Programs that use the int enum pattern are brittle. Because int enums are
compile-time constants, they are compiled into the clients that use them. If the int
associated with an enum constant is changed, its clients must be recompiled. If
they aren’t, they will still run, but their behavior will be undefined.
There is no easy way to translate int enum constants into printable strings. If
you print such a constant or display it from a debugger, all you see is a number,
which isn’t very helpful. There is no reliable way to iterate over all the int enum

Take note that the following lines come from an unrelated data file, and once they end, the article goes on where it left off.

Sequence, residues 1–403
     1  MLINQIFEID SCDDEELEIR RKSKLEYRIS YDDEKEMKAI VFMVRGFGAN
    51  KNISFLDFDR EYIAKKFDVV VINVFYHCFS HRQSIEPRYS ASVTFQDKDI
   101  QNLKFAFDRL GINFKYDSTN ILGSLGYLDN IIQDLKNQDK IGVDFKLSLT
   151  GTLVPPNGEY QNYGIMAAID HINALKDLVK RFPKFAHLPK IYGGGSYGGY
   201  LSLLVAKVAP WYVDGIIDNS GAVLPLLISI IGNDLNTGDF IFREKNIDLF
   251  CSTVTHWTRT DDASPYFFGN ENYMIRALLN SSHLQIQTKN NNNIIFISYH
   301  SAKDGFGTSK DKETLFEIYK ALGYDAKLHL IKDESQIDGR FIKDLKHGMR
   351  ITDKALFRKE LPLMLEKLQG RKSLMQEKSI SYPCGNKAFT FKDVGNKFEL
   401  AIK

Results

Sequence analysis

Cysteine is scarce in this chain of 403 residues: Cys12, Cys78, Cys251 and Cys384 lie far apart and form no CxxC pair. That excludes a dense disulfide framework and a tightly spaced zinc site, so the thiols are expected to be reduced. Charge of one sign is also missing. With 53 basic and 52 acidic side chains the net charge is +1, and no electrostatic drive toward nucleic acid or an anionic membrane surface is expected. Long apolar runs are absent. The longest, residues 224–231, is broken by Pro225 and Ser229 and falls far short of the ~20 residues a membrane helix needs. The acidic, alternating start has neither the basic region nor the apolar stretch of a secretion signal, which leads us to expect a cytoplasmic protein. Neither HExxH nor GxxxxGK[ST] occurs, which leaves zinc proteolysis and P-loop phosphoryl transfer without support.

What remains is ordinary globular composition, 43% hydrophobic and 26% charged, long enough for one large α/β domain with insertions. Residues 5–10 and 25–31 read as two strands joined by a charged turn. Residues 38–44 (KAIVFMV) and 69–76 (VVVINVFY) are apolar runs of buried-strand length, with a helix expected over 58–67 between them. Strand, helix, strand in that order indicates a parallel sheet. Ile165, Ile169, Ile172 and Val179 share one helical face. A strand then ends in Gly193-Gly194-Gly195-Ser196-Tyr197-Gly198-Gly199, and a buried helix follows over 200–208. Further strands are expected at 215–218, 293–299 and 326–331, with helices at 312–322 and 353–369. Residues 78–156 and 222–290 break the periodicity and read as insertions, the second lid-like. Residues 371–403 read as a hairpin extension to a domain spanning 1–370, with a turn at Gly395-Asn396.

constants in a group, or even to obtain the size of an int enum group.
You may encounter a variant of this pattern in which String constants are
used in place of int constants. This variant, known as the String enum pattern, is
even less desirable. While it does provide printable strings for its constants, it can
lead to performance problems because it relies on string comparisons. Worse, it
can lead naive users to hard-code string constants into client code instead of using
field names. If such a hard-coded string constant contains a typographical error, it
will escape detection at compile time and result in bugs at runtime.
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